COVER

On the front lines with death

Palliative care comforts the hopeless

JENNIFER HUNTER March 9 1998
COVER

On the front lines with death

Palliative care comforts the hopeless

JENNIFER HUNTER March 9 1998

On the front lines with death

COVER

Palliative care comforts the hopeless

Doris De Groot helps people die. A palliative care physician in Vancouver, De Groot works with patients in their last weeks or months of life, making them as comfortable and pain-free as she can. "To do what I do,” says the doctor, “you have to be able to walk into a situation where there is a lot of emotion, a lot of grief, and feel that you can create something positive out of it.” Her job is not just to help a patient deal with pain. ‘You’re helping them and their family come to terms with death,” says De Groot.

Palliative care workers—doctors, nurses, social workers, ministers—often step in when there is no other medical solution for patients. Most have cancer or AIDS, but some are dying from heart or lung problems or other causes. Yet De Groot finds her job much more spiritually uplifting than psychologically draining. Death, says the 42-year-old physician, is part of living, an experience emotionally akin to birth. “With the right support,” she affirms, “a family can experience growth and healing in the dying process.”

De Groot is part of a team working for the health board of Vancouver and neighboring Richmond. Her day typically starts with a rash of phone calls and pager beeps demanding immediate response. A home-care nurse’s patient is not coping well with pain; a family doctor is not sure what medication to prescribe; a despondent cancer sufferer is contemplating suicide. “Sometimes,” she says, “a family doctor will phone and say ‘I’m over my head, can you come and help?’ ” Family physicians do not always know how to alleviate a

dying person’s symptoms. Nurses cannot write prescriptions and do not always know how to negotiate their way through the medical system. So De Groot finds the equipment a patient needs. She frequently phones pharmacists and arranges for taxis to pick up prescriptions. She decides whether pain medication should be changed from oral dosages to a subcutaneous drip, and if the dosage should be increased.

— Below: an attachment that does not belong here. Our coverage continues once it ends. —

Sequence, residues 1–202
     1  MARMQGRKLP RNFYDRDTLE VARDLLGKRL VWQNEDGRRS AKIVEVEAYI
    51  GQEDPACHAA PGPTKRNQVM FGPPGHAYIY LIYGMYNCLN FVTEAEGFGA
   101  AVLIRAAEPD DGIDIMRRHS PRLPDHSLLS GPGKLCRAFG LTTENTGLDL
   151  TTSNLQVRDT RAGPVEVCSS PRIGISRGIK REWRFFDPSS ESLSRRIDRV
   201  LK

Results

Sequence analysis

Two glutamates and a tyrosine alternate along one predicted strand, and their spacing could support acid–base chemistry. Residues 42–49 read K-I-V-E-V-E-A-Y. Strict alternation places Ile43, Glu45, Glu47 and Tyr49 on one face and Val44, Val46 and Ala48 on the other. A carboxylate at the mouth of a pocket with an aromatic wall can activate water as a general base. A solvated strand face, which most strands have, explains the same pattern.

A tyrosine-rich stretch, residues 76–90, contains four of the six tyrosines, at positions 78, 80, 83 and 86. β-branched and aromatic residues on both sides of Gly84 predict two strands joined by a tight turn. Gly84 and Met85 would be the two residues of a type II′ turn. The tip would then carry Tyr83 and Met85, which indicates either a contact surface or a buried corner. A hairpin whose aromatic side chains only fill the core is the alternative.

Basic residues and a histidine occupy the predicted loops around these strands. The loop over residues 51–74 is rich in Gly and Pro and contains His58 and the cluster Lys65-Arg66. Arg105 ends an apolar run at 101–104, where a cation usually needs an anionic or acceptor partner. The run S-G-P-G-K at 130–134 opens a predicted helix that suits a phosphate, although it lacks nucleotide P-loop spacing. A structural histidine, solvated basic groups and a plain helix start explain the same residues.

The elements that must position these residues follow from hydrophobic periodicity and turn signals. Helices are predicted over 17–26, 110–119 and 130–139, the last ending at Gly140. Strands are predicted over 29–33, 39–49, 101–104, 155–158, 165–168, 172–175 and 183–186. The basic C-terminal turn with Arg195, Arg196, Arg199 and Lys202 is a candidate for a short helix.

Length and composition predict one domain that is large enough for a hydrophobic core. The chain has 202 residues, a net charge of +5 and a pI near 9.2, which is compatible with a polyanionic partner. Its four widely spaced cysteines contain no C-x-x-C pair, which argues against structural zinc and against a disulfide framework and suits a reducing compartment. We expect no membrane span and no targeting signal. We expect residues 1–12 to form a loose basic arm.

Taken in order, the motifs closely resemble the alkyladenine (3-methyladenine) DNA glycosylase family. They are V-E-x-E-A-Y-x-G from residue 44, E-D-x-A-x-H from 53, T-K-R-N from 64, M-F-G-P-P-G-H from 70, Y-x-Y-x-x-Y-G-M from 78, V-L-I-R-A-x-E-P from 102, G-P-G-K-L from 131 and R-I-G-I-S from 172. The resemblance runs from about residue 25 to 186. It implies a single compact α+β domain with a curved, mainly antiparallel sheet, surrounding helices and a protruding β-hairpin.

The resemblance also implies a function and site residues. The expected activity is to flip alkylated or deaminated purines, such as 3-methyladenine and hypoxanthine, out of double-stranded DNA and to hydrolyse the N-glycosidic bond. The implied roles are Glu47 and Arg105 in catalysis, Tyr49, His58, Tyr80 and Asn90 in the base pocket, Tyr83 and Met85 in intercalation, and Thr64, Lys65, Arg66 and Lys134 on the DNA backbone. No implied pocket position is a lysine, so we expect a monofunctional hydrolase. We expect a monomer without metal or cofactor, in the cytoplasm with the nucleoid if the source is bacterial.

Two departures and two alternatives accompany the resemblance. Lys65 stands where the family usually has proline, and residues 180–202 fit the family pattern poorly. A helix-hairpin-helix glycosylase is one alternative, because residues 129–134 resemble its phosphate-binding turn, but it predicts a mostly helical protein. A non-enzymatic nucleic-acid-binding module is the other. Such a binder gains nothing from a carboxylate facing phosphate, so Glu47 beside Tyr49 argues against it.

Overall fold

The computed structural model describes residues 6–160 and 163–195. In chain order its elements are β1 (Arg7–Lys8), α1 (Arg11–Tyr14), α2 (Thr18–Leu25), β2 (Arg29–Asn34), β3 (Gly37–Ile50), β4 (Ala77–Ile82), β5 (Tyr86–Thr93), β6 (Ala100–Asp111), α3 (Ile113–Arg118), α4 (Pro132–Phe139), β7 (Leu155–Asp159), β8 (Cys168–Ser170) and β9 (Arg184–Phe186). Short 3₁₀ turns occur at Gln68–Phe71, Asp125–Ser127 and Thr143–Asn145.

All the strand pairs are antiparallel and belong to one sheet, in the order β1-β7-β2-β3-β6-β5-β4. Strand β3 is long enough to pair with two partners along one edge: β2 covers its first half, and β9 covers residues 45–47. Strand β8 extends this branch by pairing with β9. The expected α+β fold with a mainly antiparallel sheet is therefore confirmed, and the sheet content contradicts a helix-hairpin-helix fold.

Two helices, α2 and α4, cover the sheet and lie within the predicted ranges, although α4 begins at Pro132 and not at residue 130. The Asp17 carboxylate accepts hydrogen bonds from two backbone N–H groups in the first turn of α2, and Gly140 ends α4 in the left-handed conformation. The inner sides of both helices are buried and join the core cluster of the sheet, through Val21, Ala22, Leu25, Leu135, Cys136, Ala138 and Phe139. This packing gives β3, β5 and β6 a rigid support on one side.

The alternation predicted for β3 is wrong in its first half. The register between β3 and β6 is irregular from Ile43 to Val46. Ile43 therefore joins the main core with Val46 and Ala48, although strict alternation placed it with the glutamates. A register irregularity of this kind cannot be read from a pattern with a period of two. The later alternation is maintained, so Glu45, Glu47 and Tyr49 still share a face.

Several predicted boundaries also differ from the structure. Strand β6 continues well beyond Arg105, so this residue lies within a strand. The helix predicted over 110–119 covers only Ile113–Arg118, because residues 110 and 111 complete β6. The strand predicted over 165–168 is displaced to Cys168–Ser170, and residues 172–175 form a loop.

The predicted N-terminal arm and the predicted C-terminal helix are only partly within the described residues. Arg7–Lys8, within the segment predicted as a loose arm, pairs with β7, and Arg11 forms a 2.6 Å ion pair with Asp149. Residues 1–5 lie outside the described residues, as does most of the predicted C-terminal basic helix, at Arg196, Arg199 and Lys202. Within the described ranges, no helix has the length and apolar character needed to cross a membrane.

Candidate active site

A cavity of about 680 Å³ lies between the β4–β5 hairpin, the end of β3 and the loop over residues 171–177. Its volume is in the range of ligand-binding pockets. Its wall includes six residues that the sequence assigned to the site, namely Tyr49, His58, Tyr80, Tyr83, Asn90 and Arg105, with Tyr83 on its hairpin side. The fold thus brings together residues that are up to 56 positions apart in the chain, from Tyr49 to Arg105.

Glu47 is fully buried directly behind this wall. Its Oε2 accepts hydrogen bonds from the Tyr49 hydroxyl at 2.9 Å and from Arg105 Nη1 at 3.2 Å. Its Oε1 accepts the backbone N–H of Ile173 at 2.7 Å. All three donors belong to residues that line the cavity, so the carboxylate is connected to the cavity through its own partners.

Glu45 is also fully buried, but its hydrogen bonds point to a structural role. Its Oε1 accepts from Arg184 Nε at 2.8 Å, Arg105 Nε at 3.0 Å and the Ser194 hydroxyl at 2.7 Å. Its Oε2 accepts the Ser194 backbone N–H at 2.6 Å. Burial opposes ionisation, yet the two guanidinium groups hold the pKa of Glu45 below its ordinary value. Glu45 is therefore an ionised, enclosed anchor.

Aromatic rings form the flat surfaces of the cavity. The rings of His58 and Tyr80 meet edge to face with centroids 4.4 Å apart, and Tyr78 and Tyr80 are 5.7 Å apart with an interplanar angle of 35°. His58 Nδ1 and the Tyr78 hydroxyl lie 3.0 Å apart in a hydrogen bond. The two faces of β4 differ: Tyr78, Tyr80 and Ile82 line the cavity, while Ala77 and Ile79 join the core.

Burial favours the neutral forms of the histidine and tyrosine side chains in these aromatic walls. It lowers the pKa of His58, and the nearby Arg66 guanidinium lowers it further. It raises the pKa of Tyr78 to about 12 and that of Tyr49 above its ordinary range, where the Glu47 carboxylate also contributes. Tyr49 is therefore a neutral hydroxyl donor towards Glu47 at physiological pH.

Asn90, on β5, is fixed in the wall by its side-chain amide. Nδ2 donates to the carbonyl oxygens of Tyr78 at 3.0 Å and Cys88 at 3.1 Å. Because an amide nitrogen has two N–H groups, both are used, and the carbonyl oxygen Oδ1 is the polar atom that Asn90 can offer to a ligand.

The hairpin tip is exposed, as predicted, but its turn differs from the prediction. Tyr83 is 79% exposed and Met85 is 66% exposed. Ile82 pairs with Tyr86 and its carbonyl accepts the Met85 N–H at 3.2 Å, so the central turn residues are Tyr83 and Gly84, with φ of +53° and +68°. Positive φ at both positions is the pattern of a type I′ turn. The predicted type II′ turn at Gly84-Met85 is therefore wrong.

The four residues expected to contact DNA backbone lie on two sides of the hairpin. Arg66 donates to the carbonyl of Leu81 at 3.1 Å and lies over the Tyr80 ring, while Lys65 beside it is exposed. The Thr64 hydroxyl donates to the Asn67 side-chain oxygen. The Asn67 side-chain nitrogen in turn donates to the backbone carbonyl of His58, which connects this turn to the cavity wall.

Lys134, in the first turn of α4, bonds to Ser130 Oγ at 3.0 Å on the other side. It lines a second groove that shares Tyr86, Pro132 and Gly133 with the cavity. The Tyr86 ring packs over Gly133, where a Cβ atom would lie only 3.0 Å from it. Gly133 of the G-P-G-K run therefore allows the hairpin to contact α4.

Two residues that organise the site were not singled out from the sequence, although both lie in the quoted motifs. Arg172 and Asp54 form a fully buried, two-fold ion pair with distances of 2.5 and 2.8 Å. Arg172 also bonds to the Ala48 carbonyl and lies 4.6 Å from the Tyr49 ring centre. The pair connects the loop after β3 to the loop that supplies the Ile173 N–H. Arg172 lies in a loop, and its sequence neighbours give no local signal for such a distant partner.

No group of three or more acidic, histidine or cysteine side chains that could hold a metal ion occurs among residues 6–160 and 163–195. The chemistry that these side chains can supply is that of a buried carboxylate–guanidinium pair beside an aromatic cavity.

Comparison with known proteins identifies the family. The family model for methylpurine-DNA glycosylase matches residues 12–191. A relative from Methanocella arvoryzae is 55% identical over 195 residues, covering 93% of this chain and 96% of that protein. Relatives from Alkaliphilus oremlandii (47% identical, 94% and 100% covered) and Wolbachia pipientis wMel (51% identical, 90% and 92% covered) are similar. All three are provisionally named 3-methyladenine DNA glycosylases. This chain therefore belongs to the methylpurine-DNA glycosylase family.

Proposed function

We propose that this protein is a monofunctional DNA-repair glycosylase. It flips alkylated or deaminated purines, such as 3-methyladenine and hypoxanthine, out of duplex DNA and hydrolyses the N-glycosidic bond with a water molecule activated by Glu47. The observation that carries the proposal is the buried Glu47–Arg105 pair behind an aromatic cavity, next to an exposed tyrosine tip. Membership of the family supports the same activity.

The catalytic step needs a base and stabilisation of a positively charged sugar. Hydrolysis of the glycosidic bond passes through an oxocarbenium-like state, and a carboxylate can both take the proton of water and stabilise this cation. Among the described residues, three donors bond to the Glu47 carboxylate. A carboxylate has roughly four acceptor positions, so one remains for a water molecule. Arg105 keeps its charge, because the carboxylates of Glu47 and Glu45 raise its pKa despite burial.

The support teams also include the patient’s family doctor, a clinical nurse specialist, a social worker and a volunteer coordinator who sends non-paid, sympathetic “listeners” to the patients’ homes to spell off tired relatives or run errands. Volunteers also co-ordinate a team that stays in touch with relatives by telephone for a year after a patient dies.

De Groot spends at least an hour with new patients, determining how they are coping with the prospect of imminent death. She has them set goals for themselves—figure out what they want to do during their last days. “For most people it is overwhelming,” she says. ‘You need to help them find ways to overcome the emotional impact.” Yet her patients touch her, too, often in profound ways. ‘You learn from them and you are inspired by them,” she says. She recalls a couple in their mid60s who died within 24 hours of each other of cancer. Just before the wife took her last breath, the husband—succumbing to the last stages of a brain tumor and seemingly in a coma—reached over and took her hand. “That one act spoke volumes about the relationship between those two people,” says De Groot. “It transformed their 30-year-old daughter’s understanding of the experience of death.”

Thinking of a week when she visited three patients who were born the same year she was, De Groot concedes: “Sometimes my work hits pretty close to home.” She sometimes has to talk firmly to patients, such as a man in his mid-40s who tried twice to commit suicide. ‘Your nine-year-old son is watching how you manage your death,” she reminded him. “He will always remember how you died.” That, De Groot says, snapped the man out of his despair and allowed him to seize his last moments of life.

Up to a third of patients will experience deep melancholy, De Groot says, a problem that is usually alleviated with antidepressants. “Often people who are considering suicide are those who feel overwhelmed by their pain or symptoms or feel abandoned and despairing.” One of her jobs is to recognize a patient’s inclination to become depressed and step in with medication if necessary.

De Groot says she cannot condone doctor-assisted suicide but she respects a patient’s decision to end his or her life. “As a physician there are two questions to consider,” she says. “Do I think patients have a right to choice? Yes. But do I personally feel I have the right to take another’s life? No. It’s not for me to decide when you’ll die.” However, she will not try to revive a dying patient who has taken an overdose, nor will she resuscitate a patient who experiences cardiac arrest, unless he or she requested it beforehand. “We shouldn’t prolong life at any cost,” De Groot says. “For most of our patients, it’s medically futile since they are already so close to death.”

JENNIFER HUNTER